I campaigned hard for a business rates review, and even tried to claim credit for it — or at least for its pro-northern bias — when details emerged last September. The smallest enterprises are exempt and the provinces will gain some benefit; but it’s clear that new rateable values from 1 April will impose undeservedly harsh rises on mid-sized businesses in London and the south-east. I’m even feeling a twinge of sympathy for Victoria Beckham, whose Dover Street boutique reportedly faces a 415 per cent hike. Philip Hammond, meanwhile, is in ‘listening mode’ — not least, we might imagine, when accosted by furious shopkeepers in his Runnymede and Weybridge constituency — and is expected to introduce extra reliefs in his Budget next week.
But he won’t back down from his defence that the review is ‘revenue neutral’, redistributive in a good way, and adverse only for businesses in prosperous areas. Well maybe, but I suggest he considers two points. First, business rates are a charge for local services, not a tax, and no business person will ever be content to pay more for deteriorating infrastructure and policing. Secondly, a smarter calculation of ‘revenue neutrality’ would take account of profits generated, jobs created and benefits unclaimed in thriving towns and high streets. On that basis, the Treasury would be better off if there were no rises in business rates anywhere.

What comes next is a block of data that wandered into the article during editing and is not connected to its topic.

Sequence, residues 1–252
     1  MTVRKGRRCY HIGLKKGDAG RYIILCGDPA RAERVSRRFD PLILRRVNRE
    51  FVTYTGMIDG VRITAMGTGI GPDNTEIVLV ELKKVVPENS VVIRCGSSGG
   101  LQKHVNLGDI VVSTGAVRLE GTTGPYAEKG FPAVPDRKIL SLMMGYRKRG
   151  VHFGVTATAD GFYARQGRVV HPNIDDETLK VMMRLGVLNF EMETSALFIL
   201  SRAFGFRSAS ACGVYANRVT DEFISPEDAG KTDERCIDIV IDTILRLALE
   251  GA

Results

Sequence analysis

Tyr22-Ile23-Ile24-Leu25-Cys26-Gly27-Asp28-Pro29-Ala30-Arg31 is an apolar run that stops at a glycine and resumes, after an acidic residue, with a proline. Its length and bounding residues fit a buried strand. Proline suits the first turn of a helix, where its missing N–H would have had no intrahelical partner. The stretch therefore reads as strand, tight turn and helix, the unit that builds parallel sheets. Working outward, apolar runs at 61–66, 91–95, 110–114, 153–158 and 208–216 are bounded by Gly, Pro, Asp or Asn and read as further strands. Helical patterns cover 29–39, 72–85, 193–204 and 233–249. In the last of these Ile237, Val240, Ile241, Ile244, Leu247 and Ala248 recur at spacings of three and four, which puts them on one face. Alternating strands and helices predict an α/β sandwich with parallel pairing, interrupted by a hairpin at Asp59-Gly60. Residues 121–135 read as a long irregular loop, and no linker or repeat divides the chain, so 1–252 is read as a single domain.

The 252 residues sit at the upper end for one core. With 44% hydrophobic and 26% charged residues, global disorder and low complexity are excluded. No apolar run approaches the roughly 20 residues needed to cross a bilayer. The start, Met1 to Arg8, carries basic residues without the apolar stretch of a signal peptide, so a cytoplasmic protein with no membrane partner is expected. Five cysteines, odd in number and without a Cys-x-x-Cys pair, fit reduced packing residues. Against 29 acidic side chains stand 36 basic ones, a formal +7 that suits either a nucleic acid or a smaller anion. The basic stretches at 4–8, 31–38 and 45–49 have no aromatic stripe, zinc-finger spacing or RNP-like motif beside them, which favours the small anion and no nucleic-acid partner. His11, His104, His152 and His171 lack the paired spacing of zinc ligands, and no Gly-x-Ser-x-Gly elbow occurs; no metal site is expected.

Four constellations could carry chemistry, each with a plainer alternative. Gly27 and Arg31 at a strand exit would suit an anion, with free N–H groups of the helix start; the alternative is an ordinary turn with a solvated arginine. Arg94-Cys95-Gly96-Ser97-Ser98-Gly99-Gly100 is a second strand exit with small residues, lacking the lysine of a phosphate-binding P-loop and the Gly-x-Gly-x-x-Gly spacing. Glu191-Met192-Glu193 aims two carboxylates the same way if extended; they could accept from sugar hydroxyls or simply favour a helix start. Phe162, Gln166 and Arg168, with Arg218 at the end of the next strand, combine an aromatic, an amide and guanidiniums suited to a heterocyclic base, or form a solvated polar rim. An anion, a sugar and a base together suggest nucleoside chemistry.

This is an extract from Martin Vander Weyer’s ‘Any Other Business’, which appears in this week’s Spectator